'Traditionally' was the word I used when thinking about the fact that in the past - and still today in the apps worth keeping safe, vendors will query the hardware itself. As we all know from the ability of one to change the MACID reported by their OS, this [EDIT:] approach of asking Windows for the information [EDIT/] is clearly insufficient and somewhat amateurish.
Generally, the publications that continue to be difficult to beat are the ones that install drivers or services and from there can query hardware directly, running in a much less restrictive environment than an exe that's just been run.
However I digress - you've put succinctly the problem with the cpuid instruction - this is not a measure to obtain a unique serial number.
Albert made some useful suggestions earlier - regarding collecting information about a number of different pieces of hardware. The more items you check, the less it matters if any of the methods fail to provide unique information.....
I am C++/VC++ developer. Many times for debugging we need to attach running project to our code. My project is huge. There are whole lot of processes are running. Suppose I have a code and I wanted to attach with process. I don't know name of process I wanted to attach with. Is there any way by which I can identify name of the process from my code (or IDE).
I highly appropriate, any help regarding this concern.
If you mean to attach a debugger to the running executable of your code, then, usually, your debugger will have a means to do that. E. g. in Visual Studio you select the menu Debug-->Processes to get a list of processes that are currently running, and then choose one of that list to attach to.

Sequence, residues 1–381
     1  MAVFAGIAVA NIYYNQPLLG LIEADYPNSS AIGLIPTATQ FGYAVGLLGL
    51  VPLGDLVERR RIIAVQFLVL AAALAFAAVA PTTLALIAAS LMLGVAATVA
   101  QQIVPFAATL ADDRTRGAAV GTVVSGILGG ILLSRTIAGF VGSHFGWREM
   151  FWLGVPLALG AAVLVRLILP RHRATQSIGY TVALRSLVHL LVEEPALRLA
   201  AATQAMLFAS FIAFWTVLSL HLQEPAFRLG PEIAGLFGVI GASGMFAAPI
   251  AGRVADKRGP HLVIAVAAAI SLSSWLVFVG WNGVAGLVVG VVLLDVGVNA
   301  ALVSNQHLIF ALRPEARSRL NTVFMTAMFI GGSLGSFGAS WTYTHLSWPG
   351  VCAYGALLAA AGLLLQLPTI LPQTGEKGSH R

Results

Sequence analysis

If your code is part of a specific program, the name of that program defines the name of the process. If this program spawns multiple threads, you will still need to attach to that program - it will cause the debugger to attach to all threads spawned by this process.
If you mean to attach the running program of your code to attach to ... something else (to what?) then you need a programatical solution as pointed out in the other responses.
int _tmain(int argc, _TCHAR* argv)
char *ptr = new char;
Above code will work fine.
In statement char * ptr = new char; I have assinged 100 bytes of memory to ptr.
But I am some weired requirement. I don't want to assign any memory like 100 bytes still I want to get variable character. First question is, is it possible? If yes please suggest way. I will use char * only, no stl::string no CString.
If you mean the length based on the number of characters typed by the user, that is not possible as you can never know how many will be typed. You can only do it this way by setting some reasonable maximum.
You could try reading the user input character by character e.g. by using getch or somesuch, dinamically reallocating your string as it goes, but you would need to handle special characters yourself, like when the user hits backspace or enter. Implementing this can be a pain in the assembly.
> The problem with computers is that they do what you tell them to do and not what you want them to do. <
> //TODO: Implement signature here<